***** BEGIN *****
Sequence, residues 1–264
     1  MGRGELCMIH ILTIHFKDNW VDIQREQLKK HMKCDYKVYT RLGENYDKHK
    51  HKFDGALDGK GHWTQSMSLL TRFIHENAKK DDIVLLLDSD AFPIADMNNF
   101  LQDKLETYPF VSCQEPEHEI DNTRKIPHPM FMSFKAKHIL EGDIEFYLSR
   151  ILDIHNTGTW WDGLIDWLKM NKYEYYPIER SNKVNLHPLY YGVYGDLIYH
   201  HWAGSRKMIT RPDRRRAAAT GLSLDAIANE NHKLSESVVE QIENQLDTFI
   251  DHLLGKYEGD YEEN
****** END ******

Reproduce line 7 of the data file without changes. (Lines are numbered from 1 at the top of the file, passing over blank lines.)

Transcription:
   251  DHLLGKYEGD YEEN